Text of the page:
I married a wonderful and amazing person. The woman who birthed and raised him is leaving us soon. She is slipping away slowly as hospice cares for her, along with her husband and children.
I have watched this family journey through her cancer, and especially her recent decline over the summer. They astound and humble me. I have been marked by the beauty of their pain.
I keep being drawn to the similarities between birth and death. Giving birth is hard work, for both mother and infant. Dying appears to be the hardest work of a person’s life. It requires similar attention and care from others; it is a drawing inward. The process requires deep concentration, intense knowing of self and a suspension of time where reality becomes only the current moment.
The awfulness of knowing we are going to be without her physical presence becomes too intense to think about much. But the joy of seeing her released from her suffering, and the comfort this family has in loving her and one another makes it less hard to take. The grief is coming slowly, in spurts, to different people at different times. It seems we are accidentally taking turns falling apart and holding others together.
Her son has been the most important gift in my life. And still she continues to give. In her suffering, in her difficult road to this place, she has gifted me again. My children have spent their summer watching someone they love die. Slowly and with dignity, surrounded by love and care, her journey has introduced them to death. Her gift gives them the ability to let go of the fear of something unknown, for now they have seen. She has given them time, the precious days and weeks to adapt to saying goodbye, to accept the inevitable end, to find comfort. She has given them a place to watch their family grieve, to see adults cry and be assured that tears are good. She has given them trust of doctors, hospitals, tubes and needles. She has shown them, in her quiet and gentle way of teaching, that behind the medical help, inside the decaying body, is still Grandma who loves them.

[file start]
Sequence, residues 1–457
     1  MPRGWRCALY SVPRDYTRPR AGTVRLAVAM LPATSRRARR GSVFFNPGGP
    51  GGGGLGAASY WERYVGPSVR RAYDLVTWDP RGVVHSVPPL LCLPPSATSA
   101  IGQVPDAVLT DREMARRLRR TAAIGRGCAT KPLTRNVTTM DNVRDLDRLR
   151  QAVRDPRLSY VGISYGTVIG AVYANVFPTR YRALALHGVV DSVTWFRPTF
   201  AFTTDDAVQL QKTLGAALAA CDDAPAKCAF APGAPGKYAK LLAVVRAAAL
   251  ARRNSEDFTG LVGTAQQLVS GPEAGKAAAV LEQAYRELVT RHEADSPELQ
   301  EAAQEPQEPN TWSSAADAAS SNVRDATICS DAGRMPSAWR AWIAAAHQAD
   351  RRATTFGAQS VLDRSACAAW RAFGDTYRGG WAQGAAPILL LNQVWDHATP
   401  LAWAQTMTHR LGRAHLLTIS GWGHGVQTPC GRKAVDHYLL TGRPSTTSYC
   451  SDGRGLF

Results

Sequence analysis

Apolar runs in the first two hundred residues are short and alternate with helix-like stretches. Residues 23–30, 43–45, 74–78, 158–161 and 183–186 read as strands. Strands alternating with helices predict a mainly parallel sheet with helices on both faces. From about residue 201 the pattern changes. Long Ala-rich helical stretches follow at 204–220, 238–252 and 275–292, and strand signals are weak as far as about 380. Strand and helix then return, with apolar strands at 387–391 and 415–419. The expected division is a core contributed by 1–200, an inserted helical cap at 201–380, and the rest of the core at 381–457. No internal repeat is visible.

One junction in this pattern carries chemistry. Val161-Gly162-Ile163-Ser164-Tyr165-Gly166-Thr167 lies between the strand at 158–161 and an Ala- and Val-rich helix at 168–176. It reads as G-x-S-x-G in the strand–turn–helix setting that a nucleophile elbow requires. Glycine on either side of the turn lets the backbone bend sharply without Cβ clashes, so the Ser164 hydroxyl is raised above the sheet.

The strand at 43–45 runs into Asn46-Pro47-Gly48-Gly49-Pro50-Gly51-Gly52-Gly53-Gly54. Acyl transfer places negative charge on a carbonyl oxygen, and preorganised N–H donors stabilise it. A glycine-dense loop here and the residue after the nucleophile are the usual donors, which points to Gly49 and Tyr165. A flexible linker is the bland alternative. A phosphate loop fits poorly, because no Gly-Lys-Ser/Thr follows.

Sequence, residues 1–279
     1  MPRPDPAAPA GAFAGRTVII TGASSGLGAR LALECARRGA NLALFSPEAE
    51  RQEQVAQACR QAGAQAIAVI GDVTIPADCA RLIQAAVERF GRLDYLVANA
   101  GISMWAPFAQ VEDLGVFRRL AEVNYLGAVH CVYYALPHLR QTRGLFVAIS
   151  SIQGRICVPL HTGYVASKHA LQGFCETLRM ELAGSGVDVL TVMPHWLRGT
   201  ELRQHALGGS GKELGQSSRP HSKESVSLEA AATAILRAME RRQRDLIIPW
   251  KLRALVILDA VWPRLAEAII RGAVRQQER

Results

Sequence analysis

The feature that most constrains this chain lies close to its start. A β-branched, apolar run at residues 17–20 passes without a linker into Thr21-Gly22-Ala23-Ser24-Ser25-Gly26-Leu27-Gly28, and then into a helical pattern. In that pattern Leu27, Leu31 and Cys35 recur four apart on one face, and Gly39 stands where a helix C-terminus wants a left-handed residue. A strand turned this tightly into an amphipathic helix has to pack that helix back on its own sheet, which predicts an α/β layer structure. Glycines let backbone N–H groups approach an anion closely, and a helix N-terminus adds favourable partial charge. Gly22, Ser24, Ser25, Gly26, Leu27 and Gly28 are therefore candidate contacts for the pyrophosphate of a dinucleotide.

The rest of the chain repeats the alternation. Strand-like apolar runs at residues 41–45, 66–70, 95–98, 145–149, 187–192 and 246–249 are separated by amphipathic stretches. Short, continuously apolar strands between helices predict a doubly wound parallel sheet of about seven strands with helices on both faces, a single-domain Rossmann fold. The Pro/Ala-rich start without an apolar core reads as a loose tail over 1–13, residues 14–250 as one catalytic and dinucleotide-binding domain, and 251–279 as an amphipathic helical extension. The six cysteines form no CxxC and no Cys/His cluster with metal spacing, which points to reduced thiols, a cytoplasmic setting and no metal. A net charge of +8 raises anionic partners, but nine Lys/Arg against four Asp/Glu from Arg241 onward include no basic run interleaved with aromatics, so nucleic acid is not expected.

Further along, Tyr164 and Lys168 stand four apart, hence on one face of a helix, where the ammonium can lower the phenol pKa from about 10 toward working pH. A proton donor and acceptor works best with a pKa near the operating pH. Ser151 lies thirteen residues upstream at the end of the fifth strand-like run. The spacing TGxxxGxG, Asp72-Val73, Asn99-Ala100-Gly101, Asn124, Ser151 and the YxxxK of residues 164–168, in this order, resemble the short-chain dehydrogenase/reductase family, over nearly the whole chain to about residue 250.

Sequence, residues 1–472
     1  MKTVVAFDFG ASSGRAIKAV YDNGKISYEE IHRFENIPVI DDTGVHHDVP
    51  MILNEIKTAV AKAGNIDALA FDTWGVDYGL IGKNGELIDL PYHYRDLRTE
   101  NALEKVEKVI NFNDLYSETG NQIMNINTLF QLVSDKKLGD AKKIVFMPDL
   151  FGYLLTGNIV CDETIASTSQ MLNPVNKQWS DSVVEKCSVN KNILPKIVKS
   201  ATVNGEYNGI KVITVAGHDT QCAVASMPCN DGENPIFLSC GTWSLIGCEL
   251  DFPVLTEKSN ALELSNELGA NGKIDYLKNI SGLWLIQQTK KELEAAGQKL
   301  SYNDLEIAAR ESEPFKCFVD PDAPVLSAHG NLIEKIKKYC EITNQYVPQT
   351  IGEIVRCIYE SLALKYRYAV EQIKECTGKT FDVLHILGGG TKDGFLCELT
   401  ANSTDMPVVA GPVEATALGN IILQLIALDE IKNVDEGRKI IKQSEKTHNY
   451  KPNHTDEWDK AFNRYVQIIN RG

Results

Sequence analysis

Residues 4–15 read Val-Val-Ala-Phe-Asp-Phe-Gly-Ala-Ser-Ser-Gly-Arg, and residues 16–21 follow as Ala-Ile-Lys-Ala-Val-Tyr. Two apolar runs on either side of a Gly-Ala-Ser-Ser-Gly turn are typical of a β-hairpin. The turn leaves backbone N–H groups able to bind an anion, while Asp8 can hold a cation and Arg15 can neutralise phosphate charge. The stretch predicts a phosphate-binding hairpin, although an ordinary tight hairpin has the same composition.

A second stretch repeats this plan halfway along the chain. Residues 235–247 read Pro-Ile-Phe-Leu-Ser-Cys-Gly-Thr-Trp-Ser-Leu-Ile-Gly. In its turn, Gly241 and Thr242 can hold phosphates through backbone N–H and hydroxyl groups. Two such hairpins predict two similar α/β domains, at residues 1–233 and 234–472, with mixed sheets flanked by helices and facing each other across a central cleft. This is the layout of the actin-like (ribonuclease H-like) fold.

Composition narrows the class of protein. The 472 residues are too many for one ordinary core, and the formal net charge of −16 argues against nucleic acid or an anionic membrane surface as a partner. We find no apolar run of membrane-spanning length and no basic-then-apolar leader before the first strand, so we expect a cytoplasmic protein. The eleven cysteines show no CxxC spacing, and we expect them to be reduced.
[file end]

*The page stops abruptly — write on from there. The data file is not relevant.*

She has given them a place to watch deathbed prayers, to talk about feeling like normal until you remember what is happening. They know there will be moments they are supposed to feel good, but still feel grief. They understand that we are designed to be able to forget grief and find moments of joy without guilt. They see us loving and caring for someone as their body changes; as outer beauty shows it’s fickle nature we are still drawn and held by the beauty inside. There is a grace in aging we hadn’t seen before; the incomparable loveliness of truly knowing someone. She has given the adults who care for her nine grandchildren the opportunity to look ahead and prepare themselves and their children for the conversations that need to come. She is giving us all a healthy, open perspective of dealing with death.
I would never be able to thank her enough for all the gifts her person and her life have conveyed to mine. But I can say goodbye to her slowly, and know she will always remain with us through those gifts.
I can be inspired to make my own life a gift.